Banana growers hope Duterte’s Korea visit results in lower tariff
The Pilipino Banana Growers and Exporters Association (PBGEA) has expressed hope that President Rodrigo Duterte’s visit to South Korea would result in reduced tariff for the export of Cavendish bananas.
PBGEA members were elated when they were invited to join the team of the President, through Trade Secretary Ramon Lopez, PBGEA executive director, Stephen Antig, said during a press
conference at the Apo View Hotel in Davao City Friday, June 1.
The association was given five slots to join the Philippines-South Korea Business Forum and Witnessing of the Exchange of Business Agreement, to be held on June 5 on the sidelines of Duterte’s visit to South Korea.
“We are happy that the present administration has taken steps to look into the series of concerns that we have elevated to the government,” Antig said.
PBGEA’s participation in the business forum is an indication that the government is giving importance to the banana sector, he said.
“We are hoping that this trip will give importance and focus on the tariff issues that we had been asking long before,” he added.
However, Antig pointed out that the tariff issue is not easy to settle because the Philippines falls under the Asean-Korea Free Trade Agreement (AKFTA) for both plantation products and fresh and dried bananas, which have been classified under Korea’s Highly Sensitive Group E.
Under this category, the tariff lines are exempted from tariff concession, meaning, the tariff for bananas is excluded from reciprocal agreements for reduction and elimination, he said.
But, he said, “our other competitors with regards to tariff will become zero by 2022 or even earlier in 2019 because they have bilateral agreements with Korea.”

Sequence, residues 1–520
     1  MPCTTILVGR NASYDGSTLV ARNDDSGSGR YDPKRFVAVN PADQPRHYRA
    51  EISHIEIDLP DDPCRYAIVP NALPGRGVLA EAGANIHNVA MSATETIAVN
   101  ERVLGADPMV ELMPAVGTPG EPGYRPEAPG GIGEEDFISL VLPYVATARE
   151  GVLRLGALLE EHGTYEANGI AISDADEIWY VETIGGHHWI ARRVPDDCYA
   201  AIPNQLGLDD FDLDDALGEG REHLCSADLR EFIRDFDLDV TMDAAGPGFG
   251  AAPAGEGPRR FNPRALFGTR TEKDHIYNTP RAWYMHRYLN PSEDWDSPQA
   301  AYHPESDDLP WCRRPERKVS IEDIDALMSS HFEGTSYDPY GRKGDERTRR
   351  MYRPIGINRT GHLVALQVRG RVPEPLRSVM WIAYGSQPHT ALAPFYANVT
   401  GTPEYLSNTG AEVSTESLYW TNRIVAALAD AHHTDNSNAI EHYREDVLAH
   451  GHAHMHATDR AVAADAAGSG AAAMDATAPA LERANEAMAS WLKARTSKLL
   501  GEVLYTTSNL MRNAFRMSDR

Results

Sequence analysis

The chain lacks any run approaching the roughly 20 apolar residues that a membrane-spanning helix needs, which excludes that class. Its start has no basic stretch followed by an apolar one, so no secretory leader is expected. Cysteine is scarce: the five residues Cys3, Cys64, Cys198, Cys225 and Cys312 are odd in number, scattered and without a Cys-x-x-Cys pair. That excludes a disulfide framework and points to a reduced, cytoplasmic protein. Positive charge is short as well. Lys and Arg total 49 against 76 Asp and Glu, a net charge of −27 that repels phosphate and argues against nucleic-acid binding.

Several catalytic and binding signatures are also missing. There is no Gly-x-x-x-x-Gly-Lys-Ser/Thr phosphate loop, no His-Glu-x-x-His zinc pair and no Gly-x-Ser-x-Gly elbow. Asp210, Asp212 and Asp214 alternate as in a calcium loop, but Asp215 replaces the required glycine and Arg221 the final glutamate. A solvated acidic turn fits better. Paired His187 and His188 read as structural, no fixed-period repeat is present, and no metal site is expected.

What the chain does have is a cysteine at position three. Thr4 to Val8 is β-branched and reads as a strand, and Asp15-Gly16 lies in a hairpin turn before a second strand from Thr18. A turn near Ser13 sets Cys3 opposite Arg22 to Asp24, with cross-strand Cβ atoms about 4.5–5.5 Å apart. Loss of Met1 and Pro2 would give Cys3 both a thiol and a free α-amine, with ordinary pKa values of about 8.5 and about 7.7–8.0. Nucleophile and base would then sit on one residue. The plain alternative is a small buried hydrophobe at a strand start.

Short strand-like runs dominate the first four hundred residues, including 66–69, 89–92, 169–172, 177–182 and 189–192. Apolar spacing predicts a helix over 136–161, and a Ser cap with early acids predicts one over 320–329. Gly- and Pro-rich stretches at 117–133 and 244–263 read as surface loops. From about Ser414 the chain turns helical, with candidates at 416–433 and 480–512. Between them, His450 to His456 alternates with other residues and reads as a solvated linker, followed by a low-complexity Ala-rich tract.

“I know this is going to be very difficult with AKFTA but this is also the most opportune time to strike while the iron is hot because the relationship of the Philippines and Korea is improving,” Antig said.
“Korea has imposed a 30-percent tariff on our bananas but we have been proposing for zero tariff on the commodity,” he said, adding that they would welcome a gradual reduction in tariffs.
Trading with Korea in bananas began in 1975 but became official only after the Philippine and Korean governments agreed to follow protocols. South Korea is one of the four major markets for Philippine Cavendish bananas, apart from Japan, China and the Middle East.
Antig said that with the entry of other players, the Philippines’ banana exports to Korea had gradually declined to 78 percent from 99.8 percent in 2012.
“Our market is slowly eaten up by our competitors,” he said, adding however that once the tariff is reduced, banana exports to South Korea would increase.
“There is no short cut for the elimination of tariffs but a study must be undertaken that will pave the way for the forging of a bilateral trade agreement with South Korea,” Antig said.
The PBGEA chief said the value of the Philippines’ imports from South Korea is greater than its exports to the country.
As such, Antig proposed the harmonization of policies, particularly among the agriculture, trade and industry, and agrarian reform departments, to ensure the sustainability of banana production for export to traditional and new markets.
“This can likewise help address the poor performance of the country’s agriculture sector,” he said.
To further strengthen the industry, Antig recommended the improvement of infrastructure support, such as ports in potential production areas like in Negros Island, and that government must have specific or better climate forecasting for agriculture to appropriately mitigate weather concerns. (PNA)